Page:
At the end of our economic segment last night, I asked a former assistant treasury secretary, Michael Faulkender, if there’s one thing he could suggest to keep us out of recession.
Here’s his reply: “I think the most important thing we can do, Larry, is unleash American energy. At the end of the day, low-cost access to energy has broad impact across the economy. And so the most that we can do to help economic ingenuity here in the United States is to bring down energy prices and to end the war on American energy.”
It was a concise, on-target, superb answer by a distinguished economist, and though the clock ran out on the segment, I wanted to remind everyone what a former energy secretary, Rick Perry, told me on the radio last Saturday. He said that “free-market capitalism and abundant fossil fuel reserves were the greatest contributor to American success and prosperity.” He added that “most of the rest of the world would agree.”
Not the Bidens, of course.
The Biden administration on a daily basis has waged war with the American oil and gas industry — the best in the world, it employs more than 11 million people and produces the cleanest fossil fuels anywhere.
The Biden war on fossils has been a disaster. It has contributed to high inflation, killed family budgets, sunk real worker wages, and led to recession. It has damaged our economic security at home and our national security abroad — an unmitigated disaster.
Now, President Biden’s climate tsar, John Kerry, speaking in Egypt today, continued to pound fossil fuels, arguing that “the math and the science unequivocally make clear we just can’t hit net zero” unless we “dramatically” lower investments in fossil fuels.
With respect to Mr. Kerry, I would suggest that this administration’s policies have brought the economy to net zero — indeed, below zero with the record high inflation. Plus, I would add that the math and science make no such unequivocal assertion.
People of good will and common sense have argued for decades that in the event of climate change, all power sources should be working side by side: fossils, renewables, hydro, nuclear. You can’t take out 75 percent of our power without an alternative game plan — which the Bidens have never provided.
After the Green New Deal bill — fraudulently called the Inflation Reduction Act — passed in August, a climate analyst, Bjorn Lomborg, using the UN Climate model, suggested that $400 billion of more climate spending might reduce the temperature by 28-thousandths of one degree Fahrenheit.
Mr. Lomborg and others have repeatedly suggested that after $5 trillion of spending globally in recent decades, the global climate needle has barely moved. I will add that many in this crowd of climate existentialists don’t know the difference between changes in the temperature, or today’s weather, and long-run climate trends over 50 to 100 years.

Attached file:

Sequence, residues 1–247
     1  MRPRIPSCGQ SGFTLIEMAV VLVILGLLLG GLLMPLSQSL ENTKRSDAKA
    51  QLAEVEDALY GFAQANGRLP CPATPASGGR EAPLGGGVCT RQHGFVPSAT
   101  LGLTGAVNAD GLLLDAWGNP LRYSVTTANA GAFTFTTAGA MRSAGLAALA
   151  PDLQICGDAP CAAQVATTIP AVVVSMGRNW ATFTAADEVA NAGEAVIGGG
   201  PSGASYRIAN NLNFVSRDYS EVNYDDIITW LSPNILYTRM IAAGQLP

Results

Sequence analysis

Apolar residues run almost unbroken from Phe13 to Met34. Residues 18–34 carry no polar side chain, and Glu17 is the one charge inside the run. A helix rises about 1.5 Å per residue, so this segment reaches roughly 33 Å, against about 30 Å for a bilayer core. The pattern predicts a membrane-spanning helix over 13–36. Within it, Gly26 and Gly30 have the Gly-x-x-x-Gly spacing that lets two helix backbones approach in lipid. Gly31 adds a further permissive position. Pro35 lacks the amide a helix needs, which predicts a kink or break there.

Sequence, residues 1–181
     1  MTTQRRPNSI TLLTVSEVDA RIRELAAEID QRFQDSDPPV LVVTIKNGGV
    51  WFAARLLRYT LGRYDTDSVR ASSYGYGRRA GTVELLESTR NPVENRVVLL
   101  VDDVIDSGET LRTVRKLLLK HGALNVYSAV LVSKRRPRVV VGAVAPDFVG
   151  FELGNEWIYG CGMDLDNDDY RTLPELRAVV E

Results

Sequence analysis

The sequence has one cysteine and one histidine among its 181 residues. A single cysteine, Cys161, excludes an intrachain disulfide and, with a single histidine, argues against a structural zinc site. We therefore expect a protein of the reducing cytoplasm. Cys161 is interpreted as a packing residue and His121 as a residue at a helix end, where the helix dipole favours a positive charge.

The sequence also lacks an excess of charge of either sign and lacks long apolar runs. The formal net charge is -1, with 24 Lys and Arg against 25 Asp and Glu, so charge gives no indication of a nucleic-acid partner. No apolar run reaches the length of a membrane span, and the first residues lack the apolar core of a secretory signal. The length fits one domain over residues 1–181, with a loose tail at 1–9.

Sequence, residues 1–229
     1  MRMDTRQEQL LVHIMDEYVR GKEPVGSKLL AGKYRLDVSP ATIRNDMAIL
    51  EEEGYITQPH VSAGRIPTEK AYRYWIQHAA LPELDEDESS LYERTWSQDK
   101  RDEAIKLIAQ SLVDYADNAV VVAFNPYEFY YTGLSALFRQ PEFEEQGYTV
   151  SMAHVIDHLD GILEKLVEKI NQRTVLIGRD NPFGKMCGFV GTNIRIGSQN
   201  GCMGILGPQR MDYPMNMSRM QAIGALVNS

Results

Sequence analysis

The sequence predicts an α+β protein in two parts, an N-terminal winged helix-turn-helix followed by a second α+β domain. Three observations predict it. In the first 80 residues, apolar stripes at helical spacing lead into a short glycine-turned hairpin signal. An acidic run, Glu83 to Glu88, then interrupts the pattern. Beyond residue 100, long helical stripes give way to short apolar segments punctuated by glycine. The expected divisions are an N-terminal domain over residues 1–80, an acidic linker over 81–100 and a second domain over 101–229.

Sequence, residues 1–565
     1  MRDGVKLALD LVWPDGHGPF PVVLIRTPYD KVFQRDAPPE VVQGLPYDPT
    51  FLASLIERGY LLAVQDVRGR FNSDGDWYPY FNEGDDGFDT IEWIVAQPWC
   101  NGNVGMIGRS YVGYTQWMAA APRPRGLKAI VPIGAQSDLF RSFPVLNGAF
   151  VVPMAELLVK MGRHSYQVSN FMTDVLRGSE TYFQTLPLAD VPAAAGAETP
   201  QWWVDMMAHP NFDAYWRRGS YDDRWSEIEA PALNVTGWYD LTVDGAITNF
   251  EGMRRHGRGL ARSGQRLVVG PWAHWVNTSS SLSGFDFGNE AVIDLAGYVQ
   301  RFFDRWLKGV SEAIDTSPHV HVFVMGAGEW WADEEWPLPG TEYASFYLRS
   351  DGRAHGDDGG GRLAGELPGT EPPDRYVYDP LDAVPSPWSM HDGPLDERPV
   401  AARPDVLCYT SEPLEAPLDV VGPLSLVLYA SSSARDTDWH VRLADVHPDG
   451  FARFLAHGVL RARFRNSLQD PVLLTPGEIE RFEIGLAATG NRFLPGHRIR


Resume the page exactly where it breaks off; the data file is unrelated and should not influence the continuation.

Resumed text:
Now, back to the sensible positions of Messrs. Faulkender and Perry: I don’t think anybody out there understands how important fossil fuels and resources are to our everyday economy. We all talk about how shutting down the spigots has jacked up inflation and pushed us into recession, but we need to talk about just how essential fossil fuel resources are to everyday products in our lives.
Know what requires fossil fuels? Phones, clothes, toothpaste, asphalt, trash bags, laptops ... hang on, I’m just getting warmed up. Don’t forget diapers, pacifiers, and toys used by parents and babies around the world that are all made with oil or natural gas or both. Hang on another second: In hospital operating rooms that keep us healthy, fossils are used in life-saving products and equipment such as pacemakers, MRIs, IV bags and tubes, surgical instruments, monitors, and stethoscopes.
Also, fossils are critical to prosthetics, hearing aids, glasses, and contact lenses. Wait again: Chemicals derived from petroleum also help make soaps, antiseptics, aspirin, and life-saving pharmaceuticals used by emergency care doctors and physicians.
I know I have to end this list somewhere, but there are about 150 more products based on fossils listed by the energy department. I can’t read all of them, but I see tennis rackets, tents, tires, toothbrushes, backpacks, ball-point pens, beach umbrellas, dog collars, fertilizers, golf bags, golf balls, guitar strings, hair curlers, and insect repellent.
All right, enough already. Basically, everything in everyday life uses fossil fuel-related resources. You get my point. Here’s the problem: John Kerry doesn’t get my point. President Biden doesn't get my point.
Happily, my friend Rick Perry does get my point, and he touted free-market capitalism along with fossil resources.
It is precisely our free enterprise system that will innovate, invent, and create the new technologies that will solve whatever climate problems we have over the next 100 years — not the government central-planners, but free people, using their God-given talents. Isn't that really the single most important key point?
From Mr. Kudlow’s broadcast on Fox Business News.
Larry Kudlow was the Director of the National Economic Council under President Trump from 2018-2021. His Fox Business show "Kudlow" airs at 4 p.m &. and his radio show airs on 770 ABC from 10:00 a.m. to 1:00 p.m.
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